Excited About a Digital Dollar? Not So Fast.

The privacy technology isn’t ready. Meanwhile, there’s a lot the U.S. can do to improve the existing payment system.

By Darrell Duffie / BLOOMBERG

President Joe Biden’s effort to craft a U.S. strategy for cryptocurrencies has highlighted a big question: Should the Federal Reserve enter the fray by issuing a digital version of the national currency, as China and others have already done?

Although some are urging the U.S. to act, there’s really no need to rush that decision. The digital-currency technology required to safeguard Americans’ privacy will take years to develop. Meanwhile, policy makers can do a lot to improve the payment system by other means.

So far, the main opposition to a U.S. digital currency has come from the banking industry. Some argue that each additional digital dollar issued by the Fed would mean one less dollar of bank deposits. This, in turn, would sharply reduce the lending power required to support economic growth.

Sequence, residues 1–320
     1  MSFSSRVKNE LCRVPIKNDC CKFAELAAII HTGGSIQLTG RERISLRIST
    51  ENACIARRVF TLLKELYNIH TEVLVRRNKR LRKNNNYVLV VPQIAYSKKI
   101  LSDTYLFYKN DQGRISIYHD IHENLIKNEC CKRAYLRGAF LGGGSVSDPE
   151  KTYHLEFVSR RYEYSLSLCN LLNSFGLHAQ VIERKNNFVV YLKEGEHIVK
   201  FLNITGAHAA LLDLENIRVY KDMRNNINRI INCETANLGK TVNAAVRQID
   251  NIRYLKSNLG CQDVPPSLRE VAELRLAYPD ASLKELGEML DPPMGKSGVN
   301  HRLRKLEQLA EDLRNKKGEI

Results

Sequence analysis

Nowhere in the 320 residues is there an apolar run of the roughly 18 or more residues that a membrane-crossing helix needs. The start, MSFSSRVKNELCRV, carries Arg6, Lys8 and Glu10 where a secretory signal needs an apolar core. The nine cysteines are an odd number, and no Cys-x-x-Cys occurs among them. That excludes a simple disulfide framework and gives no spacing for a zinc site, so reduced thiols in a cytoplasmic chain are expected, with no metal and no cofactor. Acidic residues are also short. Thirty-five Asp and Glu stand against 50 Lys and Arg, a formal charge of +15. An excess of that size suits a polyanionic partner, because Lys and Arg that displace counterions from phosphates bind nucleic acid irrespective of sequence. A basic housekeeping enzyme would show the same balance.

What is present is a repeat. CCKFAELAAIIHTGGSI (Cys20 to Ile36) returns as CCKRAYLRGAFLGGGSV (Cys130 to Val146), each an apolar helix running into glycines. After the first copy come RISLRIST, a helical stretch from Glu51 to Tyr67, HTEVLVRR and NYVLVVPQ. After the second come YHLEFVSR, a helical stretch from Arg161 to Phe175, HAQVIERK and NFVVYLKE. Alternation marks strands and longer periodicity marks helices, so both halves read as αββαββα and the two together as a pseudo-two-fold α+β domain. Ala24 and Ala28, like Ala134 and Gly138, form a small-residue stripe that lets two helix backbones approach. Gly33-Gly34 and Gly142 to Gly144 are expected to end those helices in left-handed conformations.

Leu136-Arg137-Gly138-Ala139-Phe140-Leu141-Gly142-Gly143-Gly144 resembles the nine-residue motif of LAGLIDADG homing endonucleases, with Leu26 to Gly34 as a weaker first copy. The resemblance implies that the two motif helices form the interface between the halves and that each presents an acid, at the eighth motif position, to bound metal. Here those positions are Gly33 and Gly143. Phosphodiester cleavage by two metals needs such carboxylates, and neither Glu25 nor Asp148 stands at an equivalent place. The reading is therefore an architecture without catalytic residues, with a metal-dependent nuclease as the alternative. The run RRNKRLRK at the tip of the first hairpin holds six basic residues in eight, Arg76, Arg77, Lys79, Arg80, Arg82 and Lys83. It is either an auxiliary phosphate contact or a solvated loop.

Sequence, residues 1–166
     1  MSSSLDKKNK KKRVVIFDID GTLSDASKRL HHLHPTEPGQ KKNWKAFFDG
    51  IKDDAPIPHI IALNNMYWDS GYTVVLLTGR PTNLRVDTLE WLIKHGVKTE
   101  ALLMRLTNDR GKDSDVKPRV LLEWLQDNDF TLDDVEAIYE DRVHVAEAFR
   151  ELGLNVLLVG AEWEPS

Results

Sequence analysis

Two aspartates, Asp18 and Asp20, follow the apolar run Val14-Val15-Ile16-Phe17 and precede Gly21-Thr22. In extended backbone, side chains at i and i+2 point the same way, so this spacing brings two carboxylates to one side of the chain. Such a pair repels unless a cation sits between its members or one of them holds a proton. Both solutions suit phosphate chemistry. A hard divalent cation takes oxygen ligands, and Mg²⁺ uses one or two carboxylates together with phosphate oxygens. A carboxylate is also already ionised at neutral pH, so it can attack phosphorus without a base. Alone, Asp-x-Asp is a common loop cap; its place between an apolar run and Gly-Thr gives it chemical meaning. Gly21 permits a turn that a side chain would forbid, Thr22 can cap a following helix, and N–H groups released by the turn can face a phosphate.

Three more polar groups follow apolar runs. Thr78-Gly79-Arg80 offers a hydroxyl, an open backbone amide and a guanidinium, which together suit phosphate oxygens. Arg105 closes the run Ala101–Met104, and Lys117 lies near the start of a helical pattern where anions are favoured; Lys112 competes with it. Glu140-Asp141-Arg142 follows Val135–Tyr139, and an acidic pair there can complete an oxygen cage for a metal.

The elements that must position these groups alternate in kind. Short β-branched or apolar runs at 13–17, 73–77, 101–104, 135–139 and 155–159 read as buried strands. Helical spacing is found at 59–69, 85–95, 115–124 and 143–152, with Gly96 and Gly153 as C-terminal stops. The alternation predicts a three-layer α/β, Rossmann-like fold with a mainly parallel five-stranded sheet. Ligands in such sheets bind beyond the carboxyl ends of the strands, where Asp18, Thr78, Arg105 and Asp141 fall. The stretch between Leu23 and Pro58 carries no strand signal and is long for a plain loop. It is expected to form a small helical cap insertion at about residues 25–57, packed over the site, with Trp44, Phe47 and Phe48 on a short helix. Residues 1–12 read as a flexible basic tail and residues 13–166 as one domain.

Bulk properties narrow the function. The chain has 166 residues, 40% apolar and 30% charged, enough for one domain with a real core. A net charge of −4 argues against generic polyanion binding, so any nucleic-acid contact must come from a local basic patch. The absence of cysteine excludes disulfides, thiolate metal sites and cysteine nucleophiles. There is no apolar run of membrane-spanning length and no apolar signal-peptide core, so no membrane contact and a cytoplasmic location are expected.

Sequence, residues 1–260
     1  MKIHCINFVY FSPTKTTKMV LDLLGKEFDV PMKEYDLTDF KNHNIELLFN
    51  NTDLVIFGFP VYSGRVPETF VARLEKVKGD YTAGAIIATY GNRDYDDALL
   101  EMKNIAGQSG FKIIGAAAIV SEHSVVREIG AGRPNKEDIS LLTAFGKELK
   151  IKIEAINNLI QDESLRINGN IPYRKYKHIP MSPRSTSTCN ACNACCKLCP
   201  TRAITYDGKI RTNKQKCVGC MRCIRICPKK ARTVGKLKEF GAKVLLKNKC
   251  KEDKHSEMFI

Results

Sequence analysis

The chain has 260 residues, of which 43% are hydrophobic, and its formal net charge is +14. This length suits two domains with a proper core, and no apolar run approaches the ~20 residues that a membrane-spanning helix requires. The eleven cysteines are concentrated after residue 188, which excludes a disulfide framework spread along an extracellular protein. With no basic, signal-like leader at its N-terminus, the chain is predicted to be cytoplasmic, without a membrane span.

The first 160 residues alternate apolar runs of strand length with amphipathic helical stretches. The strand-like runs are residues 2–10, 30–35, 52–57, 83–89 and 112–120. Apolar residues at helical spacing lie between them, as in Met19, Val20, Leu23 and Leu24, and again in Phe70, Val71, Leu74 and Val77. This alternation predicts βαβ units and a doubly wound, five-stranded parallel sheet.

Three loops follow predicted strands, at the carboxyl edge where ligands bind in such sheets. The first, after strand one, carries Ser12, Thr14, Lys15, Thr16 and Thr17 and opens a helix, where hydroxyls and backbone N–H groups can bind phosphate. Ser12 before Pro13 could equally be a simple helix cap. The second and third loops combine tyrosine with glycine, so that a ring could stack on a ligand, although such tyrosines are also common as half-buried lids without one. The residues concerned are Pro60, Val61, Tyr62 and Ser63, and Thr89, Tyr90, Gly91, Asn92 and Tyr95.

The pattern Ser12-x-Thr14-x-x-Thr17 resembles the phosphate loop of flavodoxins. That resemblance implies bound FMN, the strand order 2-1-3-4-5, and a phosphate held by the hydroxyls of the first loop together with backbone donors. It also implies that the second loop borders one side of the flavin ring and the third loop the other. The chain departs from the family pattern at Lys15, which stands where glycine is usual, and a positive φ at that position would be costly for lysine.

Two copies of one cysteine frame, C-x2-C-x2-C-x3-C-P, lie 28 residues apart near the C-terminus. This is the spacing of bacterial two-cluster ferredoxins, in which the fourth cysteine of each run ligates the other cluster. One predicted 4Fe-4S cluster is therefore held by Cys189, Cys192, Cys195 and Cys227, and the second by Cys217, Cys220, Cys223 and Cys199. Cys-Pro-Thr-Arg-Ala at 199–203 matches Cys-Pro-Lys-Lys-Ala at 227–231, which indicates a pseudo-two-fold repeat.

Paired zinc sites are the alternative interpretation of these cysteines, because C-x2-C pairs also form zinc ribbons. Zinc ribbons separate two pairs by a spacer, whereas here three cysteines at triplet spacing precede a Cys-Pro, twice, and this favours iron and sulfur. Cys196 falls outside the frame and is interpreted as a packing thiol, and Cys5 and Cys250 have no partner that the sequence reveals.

Serious bankers know better. If banks were forced to compete against a central bank digital currency, the best available researchsuggests that they would offer higher interest rates, attracting more deposits and perhaps even increasing credit provision. Granted, profits could decline, which might be the industry’s genuine concern. But disruption of banks’ traditional franchises in deposit-taking and payments is likely coming anyway. Some are preparing, others will get left behind.

That said, there’s a more significant reason for concern about digital currencies: How to protect users’ privacy, while also allowing authorities to combat money laundering and other illicit activity?